Republican states take drastic measure in latest salvo against ESG movement

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FIRST ON FOX: A coalition of 13 Republican attorneys general filed a rare motion Monday, asking a top federal energy regulator to prevent a financial institution from purchasing shares of publicly listed utility companies.

The state officials, led by Utah Attorney General Sean Reyes, asked the Federal Energy Regulatory Commission (FERC), to hold a hearing examining whether Vanguard Group should be given blanket authorization to purchase large quantities of public utility stocks due to its support for environmental, social and governance (ESG) investing. ESG standards broadly promote investments in green energy over fossil fuels. 

As it and other major financial institutions do every three years, in February, Vanguard asked FERC for the green light to own more than $10 million worth of public utility shares. Under the Federal Power Act, FERC is required to periodically review and approve or deny such applications.

"The Commission granted the 2019 Authorization based on assurances from Vanguard that it would refrain from investing ‘for the purpose of managing’ utility companies," the state officials wrote in the filing Monday. "Vanguard also guaranteed that it would not seek to ‘exercise any control over the day-to-day management’ of utility companies nor take any action ‘affecting the prices at which power is transmitted or sold.’"

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The Vanguard Group headquarters are seen in Malvern, Pennsylvania. (Mike Mergen/Bloomberg via Getty Images / Getty Images)

"Now, Vanguard’s own public commitments and other statements have at the very least created the appearance that Vanguard has breached its promises to the Commission by engaging in environmental activism and using its financial influence to manipulate the activities of the utility companies in its portfolio," the filing continued. 

The filing stated that the FERC should at least hold the requested hearing to examine the previous authorization it granted Vanguard in 2019.

"A hearing in this matter is warranted to determine the extent to which Vanguard has violated the 2019 Authorization and whether granting Vanguard a blanket authorization is contrary to the public interest," the attorneys general added.

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In addition to Utah, Kentucky, Indiana, Alabama, Arkansas, Louisiana, Mississippi, Montana, Nebraska, Ohio, South Carolina, South Dakota and Texas also joined the motion. The filing noted that there are investor-owned utilities in each of the states represented and argued that if those companies were weakened, their residents would be harmed.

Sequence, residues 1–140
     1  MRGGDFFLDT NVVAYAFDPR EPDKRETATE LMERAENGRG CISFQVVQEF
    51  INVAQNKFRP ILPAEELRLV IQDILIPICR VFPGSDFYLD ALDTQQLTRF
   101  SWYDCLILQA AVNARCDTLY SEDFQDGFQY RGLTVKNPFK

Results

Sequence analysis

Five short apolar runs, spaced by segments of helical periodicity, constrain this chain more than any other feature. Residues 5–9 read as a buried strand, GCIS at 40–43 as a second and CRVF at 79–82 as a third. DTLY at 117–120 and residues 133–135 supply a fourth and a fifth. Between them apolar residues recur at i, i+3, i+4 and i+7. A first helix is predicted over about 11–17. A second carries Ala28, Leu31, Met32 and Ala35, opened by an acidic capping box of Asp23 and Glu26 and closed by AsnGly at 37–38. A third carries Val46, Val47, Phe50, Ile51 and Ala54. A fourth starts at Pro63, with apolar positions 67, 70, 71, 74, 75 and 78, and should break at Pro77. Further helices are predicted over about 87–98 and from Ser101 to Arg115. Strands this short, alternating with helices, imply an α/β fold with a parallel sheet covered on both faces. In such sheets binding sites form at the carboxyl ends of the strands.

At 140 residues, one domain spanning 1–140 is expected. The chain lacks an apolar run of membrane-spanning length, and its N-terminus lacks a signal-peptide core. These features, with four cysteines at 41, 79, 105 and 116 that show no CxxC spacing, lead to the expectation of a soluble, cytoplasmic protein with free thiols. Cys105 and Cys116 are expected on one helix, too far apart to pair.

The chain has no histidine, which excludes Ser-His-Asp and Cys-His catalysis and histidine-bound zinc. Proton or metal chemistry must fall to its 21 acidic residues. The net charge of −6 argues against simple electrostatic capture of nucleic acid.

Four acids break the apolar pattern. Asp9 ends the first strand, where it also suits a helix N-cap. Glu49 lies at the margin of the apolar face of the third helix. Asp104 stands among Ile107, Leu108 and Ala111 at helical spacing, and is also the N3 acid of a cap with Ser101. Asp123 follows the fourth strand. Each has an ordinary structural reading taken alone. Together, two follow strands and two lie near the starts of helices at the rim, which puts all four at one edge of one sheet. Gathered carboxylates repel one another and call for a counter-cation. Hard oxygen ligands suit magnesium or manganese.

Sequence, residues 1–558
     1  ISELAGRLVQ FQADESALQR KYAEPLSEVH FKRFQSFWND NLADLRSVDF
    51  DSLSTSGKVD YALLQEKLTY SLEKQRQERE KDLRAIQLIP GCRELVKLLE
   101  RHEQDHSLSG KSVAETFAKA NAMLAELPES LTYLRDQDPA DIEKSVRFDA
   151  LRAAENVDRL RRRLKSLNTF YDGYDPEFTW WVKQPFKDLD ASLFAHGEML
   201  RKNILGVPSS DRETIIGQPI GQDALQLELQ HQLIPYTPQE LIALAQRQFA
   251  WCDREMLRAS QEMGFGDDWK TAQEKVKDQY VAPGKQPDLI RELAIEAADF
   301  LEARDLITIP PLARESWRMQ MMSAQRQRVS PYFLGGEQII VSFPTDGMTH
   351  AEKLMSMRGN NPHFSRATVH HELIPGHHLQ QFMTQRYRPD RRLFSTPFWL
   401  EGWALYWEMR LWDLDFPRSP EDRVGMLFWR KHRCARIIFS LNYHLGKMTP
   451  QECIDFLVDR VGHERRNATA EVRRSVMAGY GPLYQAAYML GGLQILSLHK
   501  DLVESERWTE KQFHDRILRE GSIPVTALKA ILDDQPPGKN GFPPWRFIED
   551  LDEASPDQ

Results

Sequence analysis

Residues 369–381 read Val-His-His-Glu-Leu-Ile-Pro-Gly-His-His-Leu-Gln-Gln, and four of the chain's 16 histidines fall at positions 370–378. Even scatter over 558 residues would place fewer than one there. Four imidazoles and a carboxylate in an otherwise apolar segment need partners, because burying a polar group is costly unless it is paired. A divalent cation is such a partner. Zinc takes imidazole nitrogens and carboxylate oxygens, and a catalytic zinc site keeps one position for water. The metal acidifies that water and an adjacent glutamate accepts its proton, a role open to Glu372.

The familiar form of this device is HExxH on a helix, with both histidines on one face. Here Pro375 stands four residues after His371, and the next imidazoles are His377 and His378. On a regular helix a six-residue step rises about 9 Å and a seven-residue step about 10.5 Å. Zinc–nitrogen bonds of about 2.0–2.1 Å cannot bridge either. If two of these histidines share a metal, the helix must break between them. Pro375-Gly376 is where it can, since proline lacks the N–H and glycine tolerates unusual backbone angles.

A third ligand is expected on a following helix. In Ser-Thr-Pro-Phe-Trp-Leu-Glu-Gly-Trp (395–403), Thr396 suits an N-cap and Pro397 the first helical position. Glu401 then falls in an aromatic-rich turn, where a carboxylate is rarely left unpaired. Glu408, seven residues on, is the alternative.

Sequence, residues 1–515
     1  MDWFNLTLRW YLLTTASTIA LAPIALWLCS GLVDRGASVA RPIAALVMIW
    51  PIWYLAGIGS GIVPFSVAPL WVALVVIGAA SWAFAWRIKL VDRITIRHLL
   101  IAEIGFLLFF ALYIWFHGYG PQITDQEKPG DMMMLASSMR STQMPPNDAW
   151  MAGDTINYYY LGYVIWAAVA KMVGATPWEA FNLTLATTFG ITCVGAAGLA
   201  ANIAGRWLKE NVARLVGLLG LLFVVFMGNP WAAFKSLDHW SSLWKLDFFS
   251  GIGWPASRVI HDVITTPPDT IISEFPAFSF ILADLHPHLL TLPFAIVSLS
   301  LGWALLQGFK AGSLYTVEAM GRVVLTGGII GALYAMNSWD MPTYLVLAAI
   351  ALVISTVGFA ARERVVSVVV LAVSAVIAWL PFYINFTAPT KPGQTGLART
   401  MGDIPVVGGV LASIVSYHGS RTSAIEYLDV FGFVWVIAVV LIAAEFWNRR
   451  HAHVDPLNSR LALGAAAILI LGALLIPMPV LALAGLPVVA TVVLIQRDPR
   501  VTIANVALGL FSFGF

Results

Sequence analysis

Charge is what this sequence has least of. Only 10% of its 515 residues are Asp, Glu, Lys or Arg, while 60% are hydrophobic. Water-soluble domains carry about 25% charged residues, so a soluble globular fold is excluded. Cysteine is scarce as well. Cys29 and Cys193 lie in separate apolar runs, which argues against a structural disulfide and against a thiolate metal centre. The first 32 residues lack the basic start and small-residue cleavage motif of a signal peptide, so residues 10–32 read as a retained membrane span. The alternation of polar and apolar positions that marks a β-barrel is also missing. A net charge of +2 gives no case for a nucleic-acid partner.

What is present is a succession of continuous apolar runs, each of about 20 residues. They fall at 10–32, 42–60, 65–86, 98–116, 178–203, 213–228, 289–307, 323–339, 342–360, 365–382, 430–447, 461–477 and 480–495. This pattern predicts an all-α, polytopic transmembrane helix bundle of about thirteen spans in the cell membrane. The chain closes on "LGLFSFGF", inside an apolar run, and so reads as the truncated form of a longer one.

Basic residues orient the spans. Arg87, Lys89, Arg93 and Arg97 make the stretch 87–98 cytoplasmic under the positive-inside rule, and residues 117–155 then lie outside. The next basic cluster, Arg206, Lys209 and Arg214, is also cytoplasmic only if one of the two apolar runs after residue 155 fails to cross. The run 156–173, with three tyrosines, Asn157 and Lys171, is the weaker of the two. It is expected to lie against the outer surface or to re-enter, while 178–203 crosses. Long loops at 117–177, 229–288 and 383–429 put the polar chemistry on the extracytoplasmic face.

The ESG movement prioritizes green energy development over traditional energy sources like oil and gas. (Reuters/Nick Oxford/File Photo / Reuters Photos)

For example, PacifiCorp, a public utility company that serves Utah, is owned by Berkshire Hathaway Energy, a company Vanguard has pushed to disclose certain climate information. The filing said if Vanguard's ESG measures were to force PacifiCorp to prematurely retire its coal or natural gas generation facilities, consumers would be harmed by less reliable energy and higher prices.

"In 2021, Vanguard joined the Net Zero Asset Managers Alliance — a group of nearly three hundred asset managers who work together to ‘accelerate the transition towards global net-zero emissions,’" the filing continued. "By making net-zero commitments, Vanguard necessarily abandoned its status as a passive investor in public utilities and adopted a motive consistent with managing the utility."

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The filing also highlighted that Vanguard has worked on ESG with other major asset managers such as BlackRock and State Street, further calling into question its willingness to remain a passive investor in public utility companies.

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Also on Monday, the consumer group Consumer's Research filed a motion similar to the motion the attorneys general filed with FERC. The group stated that it was concerned Vanguard's preferred policy agenda would "actively harm U.S. consumers by driving up energy prices."

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"We took this action on behalf of American energy consumers because time and time again we see massive Wall Street firms pretending to 'passively' manage their shares, but instead they use those assets to bully utility companies into adopting radical left-wing policies that drive up electric bills and risk the stability of our power grid," said Will Hild, the executive director of Consumer's Research. 

"Affordable, reliable energy production is the foundation of America's economy and the quality of life we enjoy," he continued. "FERC's job is to defend utilities from exactly this type of reckless interference. They should act to protect these utilities and American consumers from fat cat Wall Street wreckers who blithely endanger our electricity supply."

FERC and Vanguard didn't immediately respond to requests for comment.

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